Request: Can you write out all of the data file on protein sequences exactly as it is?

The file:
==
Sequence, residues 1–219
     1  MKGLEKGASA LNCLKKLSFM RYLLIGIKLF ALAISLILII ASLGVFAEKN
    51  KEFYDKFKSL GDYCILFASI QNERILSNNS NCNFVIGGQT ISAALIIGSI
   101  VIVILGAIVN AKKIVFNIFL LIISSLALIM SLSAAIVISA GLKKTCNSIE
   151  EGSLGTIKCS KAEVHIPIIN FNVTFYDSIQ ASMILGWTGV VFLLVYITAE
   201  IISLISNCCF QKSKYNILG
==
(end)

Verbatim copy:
Sequence, residues 1–219
     1  MKGLEKGASA LNCLKKLSFM RYLLIGIKLF ALAISLILII ASLGVFAEKN
    51  KEFYDKFKSL GDYCILFASI QNERILSNNS NCNFVIGGQT ISAALIIGSI
   101  VIVILGAIVN AKKIVFNIFL LIISSLALIM SLSAAIVISA GLKKTCNSIE
   151  EGSLGTIKCS KAEVHIPIIN FNVTFYDSIQ ASMILGWTGV VFLLVYITAE
   201  IISLISNCCF QKSKYNILG